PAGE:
3 Things You Should Know About Small Business: Jan. 8
NEW YORK ( TheStreet) -- What's happening in small business today?
1. Small firm M&A jumps in December. Business brokers ended 2012 on a high note as small-business owners across the country rushed to complete the sale of their businesses before the end of the year. Completed transactions of businesses for sale "spiked significantly" in the final three weeks of 2012 as the fiscal cliff deadline approached and higher taxes loomed, according to a report by BizBuySell.com, the Internet's largest business-for-sale marketplace.
The number of closed small-business transactions spiked more than 40% in the final three weeks of the year compared to the sales pace during the same period in the prior year, BizBuySell.com says.
"The dramatic bump in closed transactions over the final three weeks of 2012 really shows the effect that tax policy can have on business owners' motivation. Given the eight-plus months it typically takes to sell a business, the end-of-year increase comes from owners who put their business on the market months ago pushing to ink deals before the New Year," says Curtis Kroeker, BizBuySell.com's general manager.
The trend of improving small-business financials continued in 2012, laying a foundation for a more robust business-for-sale market in 2013, BizBuySell.com says. As small businesses grew healthier over the year, the median sale price rose 3.2% to $160,000 from $155,000.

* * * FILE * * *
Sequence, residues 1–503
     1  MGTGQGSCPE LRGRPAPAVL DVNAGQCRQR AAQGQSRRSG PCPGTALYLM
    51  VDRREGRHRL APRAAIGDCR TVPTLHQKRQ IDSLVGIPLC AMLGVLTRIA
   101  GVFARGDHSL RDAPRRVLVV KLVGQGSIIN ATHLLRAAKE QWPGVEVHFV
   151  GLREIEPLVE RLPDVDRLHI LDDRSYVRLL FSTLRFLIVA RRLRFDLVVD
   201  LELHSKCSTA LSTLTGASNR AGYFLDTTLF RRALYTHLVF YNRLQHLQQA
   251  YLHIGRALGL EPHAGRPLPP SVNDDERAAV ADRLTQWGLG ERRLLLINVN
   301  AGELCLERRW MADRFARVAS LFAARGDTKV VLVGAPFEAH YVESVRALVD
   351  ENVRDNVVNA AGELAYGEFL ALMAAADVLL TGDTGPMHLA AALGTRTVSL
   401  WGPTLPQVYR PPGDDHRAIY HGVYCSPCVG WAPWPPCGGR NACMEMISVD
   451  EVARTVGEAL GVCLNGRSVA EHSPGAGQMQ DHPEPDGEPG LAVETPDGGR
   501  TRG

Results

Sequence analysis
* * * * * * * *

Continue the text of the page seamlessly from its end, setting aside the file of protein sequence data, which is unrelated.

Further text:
"We've seen small-business financials improve consistently for a few years now, yet buyers aren't yet flocking to the market," Kroeker said. "With more owners finally planning their exits, this results in a buyer's market keeping sales multiples low. Accordingly, brokers have indicated that it's more important than ever for sellers to provide seller financing to get deals done."
2. Alternative lending will hit its stride in 2013. For companies that are clearly creditworthy, the gates finally opened in 2012 for capital access. Banks are now eagerly hunting for good credit borrowers, but the problem is most small businesses don't meet banks' lending criteria. As a result, a large crop of alternative lenders, from factoring to merchant-cash lenders, have exploded since the recession, ready to supply money to the rest of the small businesses. Even with the high rates these lenders charge, the alternative lending industry will continue strong growth in 2013, according to MultiFunding's Ami Kassar in his New York Times blog.
"These lenders are extremely entrepreneurial and are leaving the banks behind with their speed and use of technology. Many are backed by premier investment banks and Silicon Valley venture capital powerhouses -- investors who understand that entrepreneurs and small-business owners are throwing up their hands in frustration over how long it can take to get a loan from a bank, especially if the loan is backed by the SBA," Kassar writes.